26 April 2016

Most Tribes Hit the Brakes on Marijuana; a Few Move Aheadwrites article author John Schroyer

The anticipated “green rush” on Native American lands has failed to materialize, contrary to earlier signs that dozens of tribes were poised to capitalize on the opportunity to grow and sell cannabis.

The turnaround has dampened, for now, the opportunity for entrepreneurs in states without legalized medical or recreational cannabis.

It also has quashed opportunities for ancillary businesses to target a new crop of retail stores/dispensaries, cultivation sites and infused products companies.

The change in tack follows raids by local and federal law enforcement on existing tribal cultivation operations, as well as one tribe’s decision to scrap a recreational marijuana resort. The handful of tribes moving forward in the business are taking a go-slow approach, which so far has succeeded.

“The lesson we’ve learned from the last year is to be cautious, deliberate, no pie-in-the-sky,” said Lael Echo-Hawk, a Washington DC-based attorney and general counsel for the National Indian Cannabis Coalition. “For a lot of tribes, it is just wait and see.”

Raids Quell Initial Enthusiasm

Hopes for a Native American cannabis industry were fanned in 2014, after the U.S. Department of Justice issued a memo that seemed to grant tribes the go-ahead to grow and sell marijuana as long as certain guidelines are followed.

The decision unleashed a rush of marijuana-related companies that sought to persuade Native American tribes to sign on with them to begin growing and selling cannabis.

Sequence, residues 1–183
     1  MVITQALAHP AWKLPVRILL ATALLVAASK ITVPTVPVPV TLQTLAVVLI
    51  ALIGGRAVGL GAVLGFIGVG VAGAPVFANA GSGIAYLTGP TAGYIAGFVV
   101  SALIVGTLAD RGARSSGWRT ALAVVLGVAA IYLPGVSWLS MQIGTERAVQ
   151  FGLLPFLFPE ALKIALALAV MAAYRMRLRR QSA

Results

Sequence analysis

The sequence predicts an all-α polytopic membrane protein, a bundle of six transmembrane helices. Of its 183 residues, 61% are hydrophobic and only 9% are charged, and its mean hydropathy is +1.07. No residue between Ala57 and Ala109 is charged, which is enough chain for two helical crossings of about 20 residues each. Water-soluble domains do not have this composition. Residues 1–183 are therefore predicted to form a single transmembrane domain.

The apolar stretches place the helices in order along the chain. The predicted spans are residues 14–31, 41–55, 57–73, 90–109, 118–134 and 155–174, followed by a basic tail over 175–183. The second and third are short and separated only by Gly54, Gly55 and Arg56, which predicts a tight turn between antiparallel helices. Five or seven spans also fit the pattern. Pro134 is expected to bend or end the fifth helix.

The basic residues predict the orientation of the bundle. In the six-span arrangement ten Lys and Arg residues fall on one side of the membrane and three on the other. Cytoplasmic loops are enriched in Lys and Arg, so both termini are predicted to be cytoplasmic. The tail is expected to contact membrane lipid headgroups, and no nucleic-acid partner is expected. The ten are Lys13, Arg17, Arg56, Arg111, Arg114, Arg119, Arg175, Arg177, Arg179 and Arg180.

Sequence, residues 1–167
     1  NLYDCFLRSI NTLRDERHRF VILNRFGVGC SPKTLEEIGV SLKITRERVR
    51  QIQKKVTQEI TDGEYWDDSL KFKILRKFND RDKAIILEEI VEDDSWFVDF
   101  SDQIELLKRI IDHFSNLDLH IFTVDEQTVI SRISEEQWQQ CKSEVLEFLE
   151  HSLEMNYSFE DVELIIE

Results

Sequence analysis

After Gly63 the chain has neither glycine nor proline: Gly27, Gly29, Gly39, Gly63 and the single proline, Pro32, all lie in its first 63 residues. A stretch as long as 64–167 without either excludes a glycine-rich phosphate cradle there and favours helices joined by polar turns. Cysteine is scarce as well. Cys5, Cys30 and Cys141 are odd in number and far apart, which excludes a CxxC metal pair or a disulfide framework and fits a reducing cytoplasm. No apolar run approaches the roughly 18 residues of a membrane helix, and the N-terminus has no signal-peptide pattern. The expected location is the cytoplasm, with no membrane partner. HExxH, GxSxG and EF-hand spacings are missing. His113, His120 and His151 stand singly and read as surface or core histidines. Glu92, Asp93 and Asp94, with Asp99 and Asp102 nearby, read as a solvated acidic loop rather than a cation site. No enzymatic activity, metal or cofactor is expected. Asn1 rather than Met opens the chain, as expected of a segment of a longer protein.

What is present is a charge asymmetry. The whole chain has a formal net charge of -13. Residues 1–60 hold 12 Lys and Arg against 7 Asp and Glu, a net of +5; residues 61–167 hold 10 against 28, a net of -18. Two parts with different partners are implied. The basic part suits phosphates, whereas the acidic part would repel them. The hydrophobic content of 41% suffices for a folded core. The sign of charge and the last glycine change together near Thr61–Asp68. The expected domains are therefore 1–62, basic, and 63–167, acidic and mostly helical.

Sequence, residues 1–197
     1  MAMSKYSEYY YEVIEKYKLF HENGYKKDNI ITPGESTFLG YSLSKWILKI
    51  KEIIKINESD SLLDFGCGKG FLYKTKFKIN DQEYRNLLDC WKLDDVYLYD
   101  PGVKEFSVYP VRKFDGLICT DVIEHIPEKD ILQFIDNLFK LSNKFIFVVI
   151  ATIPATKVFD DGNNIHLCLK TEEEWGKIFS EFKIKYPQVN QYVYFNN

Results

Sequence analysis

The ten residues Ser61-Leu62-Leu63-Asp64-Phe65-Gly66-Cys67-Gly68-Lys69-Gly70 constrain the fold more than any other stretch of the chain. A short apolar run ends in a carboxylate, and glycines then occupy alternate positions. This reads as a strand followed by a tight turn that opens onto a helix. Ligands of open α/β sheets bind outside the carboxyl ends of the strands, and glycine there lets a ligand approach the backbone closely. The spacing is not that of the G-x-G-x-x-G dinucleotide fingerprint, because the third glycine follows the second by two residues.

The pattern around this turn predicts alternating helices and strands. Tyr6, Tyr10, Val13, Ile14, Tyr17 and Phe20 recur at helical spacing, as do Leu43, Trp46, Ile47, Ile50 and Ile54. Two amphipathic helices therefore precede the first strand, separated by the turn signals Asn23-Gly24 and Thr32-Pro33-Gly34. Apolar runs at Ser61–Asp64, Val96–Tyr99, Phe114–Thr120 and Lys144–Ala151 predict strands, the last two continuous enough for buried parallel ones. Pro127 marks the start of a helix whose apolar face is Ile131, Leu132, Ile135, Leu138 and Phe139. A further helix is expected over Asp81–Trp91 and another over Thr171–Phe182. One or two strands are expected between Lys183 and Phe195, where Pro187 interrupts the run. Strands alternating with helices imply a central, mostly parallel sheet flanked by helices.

Moreover, many observers speculated that tribes could enjoy a major advantage over traditional cannabis companies, because they aren’t required to pay federal taxes and could conceivably undercut competing retailers on price.

But much of that has failed to come to pass.

Instead, tribes that tried to jump at the chance of a quick marijuana-related buck were cut off at the knees over the past 18 months.

Three developments suggested a go-slow approach would be more prudent:

  • Last September, local law enforcement raided a high-profile Native American cultivation operation in California.
  • In October, federal agents raided the Menominee Indian Reservation in Wisconsin, alleging the tribe was growing marijuana. The tribe maintains it was growing hemp legally.
  • In November, the Flandreau Santee Sioux in South Dakota cancelled plans for a recreational marijuana resort next to its existing casino, and instead burned its cannabis crop before it could sell a single gram.

By contrast, tribes that moved slowly and cautiously have succeeded in setting up cannabis ventures.

That includes the Squaxin Island Tribe in Washington State, which opened the first-ever Native American recreational cannabis shop on its reservation last November, southwest of Seattle.

Read the rest of the article at  http://mjbizdaily.com/most-tribes-hitting-the-brakes-on-mj-but-some-moving-ahead/